• Terms vary, but are generally set to match the term of the bonds that funded the loans.
  • Loan terms may not exceed project life.
Production Incentives

The Eugene Water & Electric Board’s (EWEB) Solar Electric Program offers a production Incentive to customers with systems greater than 10 kilowatts (kW) in capacity who choose not to net meter. Under the latter arrangement, all electricity generated is fed into the grid.


  • Production payment of $0.076-$0.12 per kilowatt-hour (kWh) generated, payable for 10 years (but subject to annual review).
  • The level of the incentive varies, depending on the season and level of monthly kWh generation.
  • These “direct generation” systems require a separate EWEB service and electric meter to measure the amount of kWh generated.
  • Under this program, EWEB assumes ownership of all RECs associated with customer generation.

Northwest Solar Cooperative – Green Tag Purchase

The Northwest Solar Cooperative (NWSC) offers to purchase the rights to the environmental attributes or “Green Tags” (also know as RECs) derived from grid-connected home solar power systems at a rate ranging from $0.02 per kilowatt-hour (kWh) to $0.10/kWh.  The contract term does not have a fixed duration. Interested participants sign an agreement with NWSC to sell their Green Tags, report any system failures and submit AC production meter readings each year. The NWSC agrees to make payments to participants by March 31 of the year following production of Green Tags.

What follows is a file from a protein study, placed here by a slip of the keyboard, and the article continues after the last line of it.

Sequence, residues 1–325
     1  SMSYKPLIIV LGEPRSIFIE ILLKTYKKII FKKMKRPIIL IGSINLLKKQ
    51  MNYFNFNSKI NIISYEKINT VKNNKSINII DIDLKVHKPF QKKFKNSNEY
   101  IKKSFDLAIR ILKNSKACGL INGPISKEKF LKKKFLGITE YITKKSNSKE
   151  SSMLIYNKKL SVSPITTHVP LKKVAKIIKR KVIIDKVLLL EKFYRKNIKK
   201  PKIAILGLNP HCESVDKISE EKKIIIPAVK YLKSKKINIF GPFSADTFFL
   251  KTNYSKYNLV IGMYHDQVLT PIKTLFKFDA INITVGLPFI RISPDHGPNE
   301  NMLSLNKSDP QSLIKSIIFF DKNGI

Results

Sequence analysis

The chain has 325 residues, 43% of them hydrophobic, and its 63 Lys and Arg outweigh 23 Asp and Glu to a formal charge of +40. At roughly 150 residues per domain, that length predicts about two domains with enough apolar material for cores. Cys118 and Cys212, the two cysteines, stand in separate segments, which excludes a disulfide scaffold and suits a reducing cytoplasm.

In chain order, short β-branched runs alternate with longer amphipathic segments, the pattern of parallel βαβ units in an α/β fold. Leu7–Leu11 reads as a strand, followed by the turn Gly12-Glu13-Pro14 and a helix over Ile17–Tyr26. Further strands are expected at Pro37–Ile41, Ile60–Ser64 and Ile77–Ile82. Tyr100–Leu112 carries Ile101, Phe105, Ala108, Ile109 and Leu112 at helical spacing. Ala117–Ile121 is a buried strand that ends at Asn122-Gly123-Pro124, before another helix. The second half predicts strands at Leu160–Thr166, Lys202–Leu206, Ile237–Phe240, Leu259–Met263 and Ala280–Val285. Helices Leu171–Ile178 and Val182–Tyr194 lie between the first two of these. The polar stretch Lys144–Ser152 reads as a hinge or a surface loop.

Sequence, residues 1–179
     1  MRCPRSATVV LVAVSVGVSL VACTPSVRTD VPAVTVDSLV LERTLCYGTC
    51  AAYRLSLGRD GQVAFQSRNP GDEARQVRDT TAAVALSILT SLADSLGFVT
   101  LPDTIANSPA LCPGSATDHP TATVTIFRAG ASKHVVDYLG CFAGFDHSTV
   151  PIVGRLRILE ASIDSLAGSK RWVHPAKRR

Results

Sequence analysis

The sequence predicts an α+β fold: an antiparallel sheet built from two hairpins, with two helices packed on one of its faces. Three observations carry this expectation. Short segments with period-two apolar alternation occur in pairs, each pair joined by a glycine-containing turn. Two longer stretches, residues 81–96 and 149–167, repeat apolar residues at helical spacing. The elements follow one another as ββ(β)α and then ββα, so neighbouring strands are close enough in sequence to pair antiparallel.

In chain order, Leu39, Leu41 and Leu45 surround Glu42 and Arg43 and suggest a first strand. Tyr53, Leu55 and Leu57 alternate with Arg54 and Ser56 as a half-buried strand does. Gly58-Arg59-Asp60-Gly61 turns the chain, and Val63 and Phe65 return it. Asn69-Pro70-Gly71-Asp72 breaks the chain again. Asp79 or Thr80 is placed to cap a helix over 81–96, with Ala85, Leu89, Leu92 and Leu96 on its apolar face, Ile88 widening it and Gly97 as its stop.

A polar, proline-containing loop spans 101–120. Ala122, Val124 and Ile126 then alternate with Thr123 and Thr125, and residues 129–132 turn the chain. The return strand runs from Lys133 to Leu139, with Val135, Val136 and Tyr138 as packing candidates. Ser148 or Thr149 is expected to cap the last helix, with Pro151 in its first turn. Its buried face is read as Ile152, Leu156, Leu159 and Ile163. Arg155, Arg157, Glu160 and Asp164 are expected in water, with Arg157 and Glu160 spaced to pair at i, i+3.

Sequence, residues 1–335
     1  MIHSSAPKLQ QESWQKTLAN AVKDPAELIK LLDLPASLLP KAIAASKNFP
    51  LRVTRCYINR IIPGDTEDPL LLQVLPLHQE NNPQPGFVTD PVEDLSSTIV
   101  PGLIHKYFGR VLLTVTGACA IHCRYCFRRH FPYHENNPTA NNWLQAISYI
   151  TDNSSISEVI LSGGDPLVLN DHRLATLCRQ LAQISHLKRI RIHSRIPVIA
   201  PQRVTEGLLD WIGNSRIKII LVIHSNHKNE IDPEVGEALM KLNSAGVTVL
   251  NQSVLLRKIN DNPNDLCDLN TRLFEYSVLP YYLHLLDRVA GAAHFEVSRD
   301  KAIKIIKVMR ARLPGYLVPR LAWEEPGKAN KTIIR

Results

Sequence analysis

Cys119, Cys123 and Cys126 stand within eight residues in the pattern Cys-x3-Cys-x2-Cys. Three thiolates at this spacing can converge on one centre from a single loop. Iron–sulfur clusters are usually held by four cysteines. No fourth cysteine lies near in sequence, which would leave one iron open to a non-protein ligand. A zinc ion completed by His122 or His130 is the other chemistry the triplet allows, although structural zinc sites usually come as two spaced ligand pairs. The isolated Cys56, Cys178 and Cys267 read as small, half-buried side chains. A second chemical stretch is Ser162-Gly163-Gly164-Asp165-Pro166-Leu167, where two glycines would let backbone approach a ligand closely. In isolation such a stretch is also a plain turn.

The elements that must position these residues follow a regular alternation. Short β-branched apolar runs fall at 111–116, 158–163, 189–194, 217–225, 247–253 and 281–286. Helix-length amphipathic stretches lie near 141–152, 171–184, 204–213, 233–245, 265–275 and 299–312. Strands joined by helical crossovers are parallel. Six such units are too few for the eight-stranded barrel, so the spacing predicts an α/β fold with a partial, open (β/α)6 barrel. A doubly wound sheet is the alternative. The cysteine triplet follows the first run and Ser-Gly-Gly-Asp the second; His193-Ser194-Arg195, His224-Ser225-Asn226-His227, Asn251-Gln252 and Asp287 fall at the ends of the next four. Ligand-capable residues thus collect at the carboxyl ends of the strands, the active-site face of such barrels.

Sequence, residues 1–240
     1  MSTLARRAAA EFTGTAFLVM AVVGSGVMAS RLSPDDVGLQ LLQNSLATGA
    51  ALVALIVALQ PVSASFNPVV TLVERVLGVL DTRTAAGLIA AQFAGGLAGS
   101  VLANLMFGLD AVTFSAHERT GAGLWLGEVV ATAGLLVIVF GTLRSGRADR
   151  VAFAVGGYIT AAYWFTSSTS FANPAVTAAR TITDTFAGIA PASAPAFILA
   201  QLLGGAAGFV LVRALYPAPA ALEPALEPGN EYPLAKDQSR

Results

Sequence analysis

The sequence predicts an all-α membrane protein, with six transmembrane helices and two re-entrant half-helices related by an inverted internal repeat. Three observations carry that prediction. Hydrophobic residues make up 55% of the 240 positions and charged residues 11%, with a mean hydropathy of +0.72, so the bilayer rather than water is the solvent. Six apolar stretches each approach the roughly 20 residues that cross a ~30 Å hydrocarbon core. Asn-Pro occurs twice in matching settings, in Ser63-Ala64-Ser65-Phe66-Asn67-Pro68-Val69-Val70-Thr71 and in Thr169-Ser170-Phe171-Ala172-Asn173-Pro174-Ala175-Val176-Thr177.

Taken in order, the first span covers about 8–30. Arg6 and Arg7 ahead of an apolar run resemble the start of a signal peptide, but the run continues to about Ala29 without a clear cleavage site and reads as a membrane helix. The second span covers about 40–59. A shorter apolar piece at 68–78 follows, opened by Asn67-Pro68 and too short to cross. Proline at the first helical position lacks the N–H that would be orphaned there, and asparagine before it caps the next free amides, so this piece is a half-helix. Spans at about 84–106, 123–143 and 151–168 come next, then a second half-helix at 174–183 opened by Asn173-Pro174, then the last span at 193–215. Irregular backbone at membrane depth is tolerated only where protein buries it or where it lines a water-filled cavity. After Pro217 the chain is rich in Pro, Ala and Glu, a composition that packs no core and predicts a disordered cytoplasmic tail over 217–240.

Oregon Pilot Solar Feed-in-Tariff – This program is still being worked out check here for updates.


The Eugene Water & Electric Board’s (EWEB) Solar Electric Program offers a rebate for residential customers who choose to net meter of $2.00 per watt-AC, with a maximum incentive of $10,000. Under the rebate program, customers retain ownership of all renewable-energy credits (RECs) associated with customer generation.

Note: All system owners must execute an EWEB interconnection agreement and program agreement. A building permit is required, and all systems must be inspected first by city or county building officials and then by EWEB. All system equipment must be UL-listed. All PV modules and inverters must be listed and rated in the California Energy Commission’s Emerging Renewables Program. This list is available on the California Solar Initiative’s Eligible Solar Equipmentwebsite.

Energy Trust – Solar Electric Buy-Down Program – Available to customers of Pacific Power and PGE who install new home solar power systems on new or existing homes.
  • For systems owned by homeowners: $1.50/watt-DC (W) installed for Pacific Power customers and $1.75/W for PGE customers, with a $20,000 cap per site.
  • For systems owned by a third party: $1.00/W-DC installed for Pacific Power customers, with a cap of $5,000 and $1.25/W-DC installed for PGE customers, with a cap of $10,000.